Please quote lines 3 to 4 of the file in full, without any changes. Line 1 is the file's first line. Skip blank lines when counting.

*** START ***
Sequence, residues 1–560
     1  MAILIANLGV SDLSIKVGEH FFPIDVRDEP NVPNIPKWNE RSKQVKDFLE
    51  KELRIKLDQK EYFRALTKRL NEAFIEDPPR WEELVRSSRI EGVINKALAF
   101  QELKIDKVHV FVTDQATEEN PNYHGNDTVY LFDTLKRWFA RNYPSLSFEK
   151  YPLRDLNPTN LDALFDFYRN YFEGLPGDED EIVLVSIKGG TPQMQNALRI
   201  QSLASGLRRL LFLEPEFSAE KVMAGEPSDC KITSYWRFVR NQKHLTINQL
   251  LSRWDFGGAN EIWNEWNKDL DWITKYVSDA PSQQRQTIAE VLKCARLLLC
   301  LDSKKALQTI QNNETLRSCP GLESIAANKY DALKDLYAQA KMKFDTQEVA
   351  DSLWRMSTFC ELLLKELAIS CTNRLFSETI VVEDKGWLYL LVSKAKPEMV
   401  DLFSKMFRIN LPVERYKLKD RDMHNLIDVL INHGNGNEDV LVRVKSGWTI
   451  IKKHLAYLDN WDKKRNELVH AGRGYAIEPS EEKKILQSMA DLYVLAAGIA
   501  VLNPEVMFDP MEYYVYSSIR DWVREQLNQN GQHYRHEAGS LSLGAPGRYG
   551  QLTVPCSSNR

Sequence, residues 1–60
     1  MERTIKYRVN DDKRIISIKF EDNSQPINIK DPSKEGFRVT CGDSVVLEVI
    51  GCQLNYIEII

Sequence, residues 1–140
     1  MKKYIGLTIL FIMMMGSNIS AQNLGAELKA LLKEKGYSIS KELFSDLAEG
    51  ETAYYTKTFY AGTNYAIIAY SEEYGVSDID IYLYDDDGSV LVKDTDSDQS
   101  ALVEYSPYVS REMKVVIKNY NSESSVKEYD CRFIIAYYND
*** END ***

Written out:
    51  KELRIKLDQK EYFRALTKRL NEAFIEDPPR WEELVRSSRI EGVINKALAF
   101  QELKIDKVHV FVTDQATEEN PNYHGNDTVY LFDTLKRWFA RNYPSLSFEK